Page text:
Located in the province of Cádiz about 24 km from Arcos de la Frontera, you come across another white village, Algar, which faces the vast reservoir of Guadalcacín. The village is a maze of narrow cobbled lanes leading past whitewashed houses and up many fairly steep steps. You will find lovely craft shops selling clothes and local products such as cheese, honey, rabbit and pheasant pâté.
7. Mijas Pueblo
The famous resort of Mijas Costa is located about 40 minutes from Malaga. Mijas is divided into two parts: Mijas Costa and, at a distance of 25 km inland and by a very winding mountain road, the white village of Mijas Pueblo. You will love discovering this charming village with white houses, abundant flowerpots, small shaded squares to rest around a drink, and the many galleries and interesting art shops. This village has attracted many painters and sculptors who have made it their home studio. In the past Mijas was known for allowing people to get around on mules, there was actually a mule parking lot next to the tourist office. Animal protectors, however, ensured that this type of transport was replaced by guided walking tours or electric tuk tuks.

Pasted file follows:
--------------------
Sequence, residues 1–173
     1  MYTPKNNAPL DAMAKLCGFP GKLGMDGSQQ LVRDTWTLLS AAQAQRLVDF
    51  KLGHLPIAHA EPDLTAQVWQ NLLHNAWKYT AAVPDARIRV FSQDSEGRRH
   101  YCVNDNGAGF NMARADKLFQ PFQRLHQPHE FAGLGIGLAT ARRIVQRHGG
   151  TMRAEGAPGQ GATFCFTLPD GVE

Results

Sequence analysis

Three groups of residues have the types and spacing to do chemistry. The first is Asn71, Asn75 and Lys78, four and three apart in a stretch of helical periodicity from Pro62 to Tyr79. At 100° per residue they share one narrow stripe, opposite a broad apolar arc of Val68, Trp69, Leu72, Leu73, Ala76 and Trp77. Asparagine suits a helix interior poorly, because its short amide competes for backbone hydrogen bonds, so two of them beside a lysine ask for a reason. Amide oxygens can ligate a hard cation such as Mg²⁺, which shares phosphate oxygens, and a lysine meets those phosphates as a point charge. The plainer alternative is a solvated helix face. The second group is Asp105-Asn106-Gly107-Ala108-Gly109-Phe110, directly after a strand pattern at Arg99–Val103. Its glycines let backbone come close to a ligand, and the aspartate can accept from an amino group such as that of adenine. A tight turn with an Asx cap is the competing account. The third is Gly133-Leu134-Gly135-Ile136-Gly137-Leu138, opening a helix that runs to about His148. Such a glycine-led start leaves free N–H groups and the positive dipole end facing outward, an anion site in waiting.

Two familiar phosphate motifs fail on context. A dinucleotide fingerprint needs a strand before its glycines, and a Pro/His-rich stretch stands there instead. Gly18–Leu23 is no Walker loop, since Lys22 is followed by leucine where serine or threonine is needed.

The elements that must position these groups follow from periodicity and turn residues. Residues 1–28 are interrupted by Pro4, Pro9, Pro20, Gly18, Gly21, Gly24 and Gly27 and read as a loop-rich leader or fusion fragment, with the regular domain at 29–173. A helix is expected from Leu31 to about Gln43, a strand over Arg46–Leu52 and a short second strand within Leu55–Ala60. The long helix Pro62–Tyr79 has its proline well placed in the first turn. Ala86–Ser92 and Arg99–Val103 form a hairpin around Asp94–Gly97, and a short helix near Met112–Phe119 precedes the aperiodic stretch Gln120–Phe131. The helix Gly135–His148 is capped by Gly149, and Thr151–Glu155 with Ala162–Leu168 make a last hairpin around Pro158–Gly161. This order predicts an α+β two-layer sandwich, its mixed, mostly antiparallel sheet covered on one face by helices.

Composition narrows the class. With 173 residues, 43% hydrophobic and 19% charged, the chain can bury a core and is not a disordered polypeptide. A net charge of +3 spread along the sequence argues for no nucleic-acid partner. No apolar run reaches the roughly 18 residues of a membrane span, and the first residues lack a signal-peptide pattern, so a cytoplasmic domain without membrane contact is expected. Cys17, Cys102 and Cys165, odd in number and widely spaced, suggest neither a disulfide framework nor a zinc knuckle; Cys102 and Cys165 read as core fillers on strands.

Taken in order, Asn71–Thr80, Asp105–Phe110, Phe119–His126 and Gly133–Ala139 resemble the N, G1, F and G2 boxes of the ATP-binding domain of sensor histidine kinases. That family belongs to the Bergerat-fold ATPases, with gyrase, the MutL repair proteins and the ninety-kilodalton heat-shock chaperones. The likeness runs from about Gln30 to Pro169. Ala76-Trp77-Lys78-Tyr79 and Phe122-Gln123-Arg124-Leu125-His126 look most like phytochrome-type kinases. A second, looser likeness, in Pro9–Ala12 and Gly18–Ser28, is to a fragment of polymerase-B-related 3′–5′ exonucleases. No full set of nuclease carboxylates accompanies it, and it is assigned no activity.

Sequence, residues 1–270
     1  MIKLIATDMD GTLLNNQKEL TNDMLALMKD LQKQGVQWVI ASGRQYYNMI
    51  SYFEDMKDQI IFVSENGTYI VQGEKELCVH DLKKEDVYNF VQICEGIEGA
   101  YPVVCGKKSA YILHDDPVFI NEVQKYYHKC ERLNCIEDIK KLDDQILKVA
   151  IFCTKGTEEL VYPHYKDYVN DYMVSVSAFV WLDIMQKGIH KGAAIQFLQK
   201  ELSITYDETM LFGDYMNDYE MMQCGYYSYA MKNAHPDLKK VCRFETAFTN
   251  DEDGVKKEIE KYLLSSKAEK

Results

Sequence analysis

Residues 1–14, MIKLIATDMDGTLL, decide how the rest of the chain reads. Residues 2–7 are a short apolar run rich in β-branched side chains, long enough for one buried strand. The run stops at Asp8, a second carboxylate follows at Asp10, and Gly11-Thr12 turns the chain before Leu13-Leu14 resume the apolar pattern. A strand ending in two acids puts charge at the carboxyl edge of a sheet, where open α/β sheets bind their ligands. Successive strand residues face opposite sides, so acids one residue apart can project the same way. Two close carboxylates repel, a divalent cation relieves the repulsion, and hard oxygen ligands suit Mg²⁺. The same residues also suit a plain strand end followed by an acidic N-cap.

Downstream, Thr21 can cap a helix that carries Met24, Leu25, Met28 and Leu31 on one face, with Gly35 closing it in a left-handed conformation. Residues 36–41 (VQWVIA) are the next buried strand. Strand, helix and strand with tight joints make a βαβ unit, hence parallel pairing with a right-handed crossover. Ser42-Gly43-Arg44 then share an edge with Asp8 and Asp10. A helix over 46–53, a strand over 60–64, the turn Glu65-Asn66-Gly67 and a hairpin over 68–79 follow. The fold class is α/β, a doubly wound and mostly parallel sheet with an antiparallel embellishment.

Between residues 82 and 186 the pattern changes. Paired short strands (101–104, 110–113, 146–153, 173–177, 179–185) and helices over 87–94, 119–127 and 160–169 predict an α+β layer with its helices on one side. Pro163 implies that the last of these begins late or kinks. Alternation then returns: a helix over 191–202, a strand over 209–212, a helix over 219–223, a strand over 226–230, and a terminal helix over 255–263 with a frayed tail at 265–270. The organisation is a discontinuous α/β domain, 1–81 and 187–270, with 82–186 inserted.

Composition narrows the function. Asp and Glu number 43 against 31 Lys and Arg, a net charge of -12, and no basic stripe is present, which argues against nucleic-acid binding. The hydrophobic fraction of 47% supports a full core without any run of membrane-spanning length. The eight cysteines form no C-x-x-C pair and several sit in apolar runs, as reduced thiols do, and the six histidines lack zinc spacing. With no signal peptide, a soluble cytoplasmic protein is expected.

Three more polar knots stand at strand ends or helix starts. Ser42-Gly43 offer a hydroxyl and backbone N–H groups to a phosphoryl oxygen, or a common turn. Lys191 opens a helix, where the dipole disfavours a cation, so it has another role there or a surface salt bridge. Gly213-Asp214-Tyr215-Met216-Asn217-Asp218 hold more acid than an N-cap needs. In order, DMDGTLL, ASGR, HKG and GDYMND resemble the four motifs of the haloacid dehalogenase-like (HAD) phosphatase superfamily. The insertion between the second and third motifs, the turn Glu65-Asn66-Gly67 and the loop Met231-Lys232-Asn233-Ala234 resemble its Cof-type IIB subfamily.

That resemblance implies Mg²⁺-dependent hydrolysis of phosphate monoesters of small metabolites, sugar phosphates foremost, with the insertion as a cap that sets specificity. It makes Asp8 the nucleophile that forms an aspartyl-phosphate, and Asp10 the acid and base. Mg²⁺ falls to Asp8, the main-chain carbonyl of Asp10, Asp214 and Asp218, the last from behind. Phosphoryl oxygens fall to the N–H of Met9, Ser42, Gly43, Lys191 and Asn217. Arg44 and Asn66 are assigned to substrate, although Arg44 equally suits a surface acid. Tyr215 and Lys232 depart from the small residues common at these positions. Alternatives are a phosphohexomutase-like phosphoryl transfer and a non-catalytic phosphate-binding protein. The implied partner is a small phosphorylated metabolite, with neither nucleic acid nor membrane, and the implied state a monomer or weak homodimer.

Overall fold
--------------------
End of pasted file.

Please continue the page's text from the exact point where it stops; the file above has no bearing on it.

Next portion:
Mijas also has a handful of museums, the most interesting being the Casa Museo Municipal, an ethnological museum that shows, among other things, wine presses and explains the process of making wine.
When you visit Mijas, especially in summer, don’t forget sunscreen and a hat, the sun in the mountains is fierce.